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King County Executive
Dow Constantine


Metro’s potential service cuts equal a full year of service in other counties

Summary

The magnitude of potential cuts to bus service by King County Metro to its riders could be of a kind never seen before in this state said King County Executive Ron Sims today. Metro may have to cut 20 percent of its service after word last week that sales tax projections continue to be undermined by the recession while rider demand for service soars. An analysis of statewide transit data shows the potential Metro cuts could equal a full year of service provided by numerous agencies statewide, including Sound Transit (based on the latest data available).

Story

The magnitude of potential cuts to bus service by King County Metro to its riders could be of a kind never seen before in this state said King County Executive Ron Sims today. Metro may have to cut 20 percent of its service after word last week that sales tax projections continue to be undermined by the recession while rider demand for service soars. An analysis of statewide transit data shows the potential Metro cuts could equal a full year of service provided by numerous agencies statewide, including Sound Transit (based on the latest data available).

King County Metro currently provides 3.5 million hours of service, which equals about half of all scheduled bus service provided by all public agencies statewide combined. The $100 million projected shortfall means Metro faces cuts of 800,000 to 1 million hours of service. If Metro has to cut service by the lesser amount, 800,000 hours, those cuts would equal a full year of bus service in Pierce County, a full year of service by Community Transit in Snohomish County, twice the service offered per year in Spokane and equal to all rail and bus service provided by Sound Transit.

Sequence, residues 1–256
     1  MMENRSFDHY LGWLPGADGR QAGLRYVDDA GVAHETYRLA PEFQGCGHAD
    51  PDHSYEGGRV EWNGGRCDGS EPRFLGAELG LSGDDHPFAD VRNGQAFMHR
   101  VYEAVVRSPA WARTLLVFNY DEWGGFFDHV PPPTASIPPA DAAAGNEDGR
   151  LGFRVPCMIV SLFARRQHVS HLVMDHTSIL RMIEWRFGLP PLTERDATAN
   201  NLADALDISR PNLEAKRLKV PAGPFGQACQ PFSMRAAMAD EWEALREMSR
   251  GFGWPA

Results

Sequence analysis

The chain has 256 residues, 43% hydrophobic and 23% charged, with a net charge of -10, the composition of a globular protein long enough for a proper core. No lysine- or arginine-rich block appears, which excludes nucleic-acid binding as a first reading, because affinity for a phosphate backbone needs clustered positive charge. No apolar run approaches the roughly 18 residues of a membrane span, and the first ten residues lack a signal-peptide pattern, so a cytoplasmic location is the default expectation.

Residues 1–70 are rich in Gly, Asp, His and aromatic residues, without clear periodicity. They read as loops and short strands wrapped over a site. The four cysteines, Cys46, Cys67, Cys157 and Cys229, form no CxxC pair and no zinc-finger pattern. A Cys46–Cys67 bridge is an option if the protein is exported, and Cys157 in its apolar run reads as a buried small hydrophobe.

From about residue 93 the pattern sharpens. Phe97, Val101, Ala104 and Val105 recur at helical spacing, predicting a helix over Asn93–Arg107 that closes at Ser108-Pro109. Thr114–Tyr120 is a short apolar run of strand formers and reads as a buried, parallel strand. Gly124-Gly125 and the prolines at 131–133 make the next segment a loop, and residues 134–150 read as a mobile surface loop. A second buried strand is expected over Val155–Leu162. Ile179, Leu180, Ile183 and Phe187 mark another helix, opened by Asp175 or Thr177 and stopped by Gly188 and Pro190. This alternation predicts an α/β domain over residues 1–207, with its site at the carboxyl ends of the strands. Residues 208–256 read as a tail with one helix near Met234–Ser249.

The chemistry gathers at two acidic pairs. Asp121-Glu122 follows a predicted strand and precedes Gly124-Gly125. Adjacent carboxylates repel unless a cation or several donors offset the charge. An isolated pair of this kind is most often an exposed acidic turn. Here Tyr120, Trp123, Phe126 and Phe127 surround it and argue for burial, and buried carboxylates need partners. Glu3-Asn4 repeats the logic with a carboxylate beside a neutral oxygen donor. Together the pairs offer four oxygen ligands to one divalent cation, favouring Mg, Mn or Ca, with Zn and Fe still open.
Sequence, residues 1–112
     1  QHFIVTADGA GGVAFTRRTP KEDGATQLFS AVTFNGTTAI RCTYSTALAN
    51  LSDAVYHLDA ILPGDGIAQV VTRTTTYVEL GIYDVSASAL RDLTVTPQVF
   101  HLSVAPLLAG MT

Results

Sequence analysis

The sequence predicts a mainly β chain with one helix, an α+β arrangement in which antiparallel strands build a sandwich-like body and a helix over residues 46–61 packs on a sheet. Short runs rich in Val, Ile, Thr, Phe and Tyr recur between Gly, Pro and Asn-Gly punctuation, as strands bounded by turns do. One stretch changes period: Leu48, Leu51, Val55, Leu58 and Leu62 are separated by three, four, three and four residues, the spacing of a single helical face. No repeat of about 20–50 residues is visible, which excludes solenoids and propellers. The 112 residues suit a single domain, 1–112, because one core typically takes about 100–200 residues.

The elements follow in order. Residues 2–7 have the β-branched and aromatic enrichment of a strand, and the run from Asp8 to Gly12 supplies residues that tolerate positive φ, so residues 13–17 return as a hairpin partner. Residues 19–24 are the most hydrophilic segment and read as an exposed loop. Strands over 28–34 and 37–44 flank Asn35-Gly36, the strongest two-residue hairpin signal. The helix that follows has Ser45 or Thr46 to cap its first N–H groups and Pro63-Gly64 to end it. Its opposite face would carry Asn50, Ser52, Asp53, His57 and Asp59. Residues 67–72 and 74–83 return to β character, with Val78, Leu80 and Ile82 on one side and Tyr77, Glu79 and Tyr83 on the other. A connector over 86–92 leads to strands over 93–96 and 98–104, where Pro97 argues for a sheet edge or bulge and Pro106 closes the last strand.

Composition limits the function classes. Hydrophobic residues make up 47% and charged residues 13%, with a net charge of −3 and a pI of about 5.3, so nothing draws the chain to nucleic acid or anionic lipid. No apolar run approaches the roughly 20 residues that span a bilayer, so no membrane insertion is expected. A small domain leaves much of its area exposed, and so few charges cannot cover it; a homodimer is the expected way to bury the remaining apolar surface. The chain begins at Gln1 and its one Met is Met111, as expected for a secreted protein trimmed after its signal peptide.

See attached chart with the latest ridership figures.

About 60 percent of King County Metro’s budget is funded by sales tax revenue meaning funding is subject to the volatility of the economy. Executive Sims is among those advocating for state authorization for a new, stable source of funding for transit such as a local Motor Vehicle Excise Tax.

Bus ridership is at historic levels in King County with unprecedented increases in ridership for three consecutive years. In addition to saving riders the cost of operating a car, transit service provides numerous environmental and economic benefits to the region, including reduced congestion, increased mobility for businesses, reduction in harmful greenhouse gases and is a much-used tool for major employers to meet state-mandated commute trip reduction goals.



King County Executive
Dow Constantine
Dow constantine portrait

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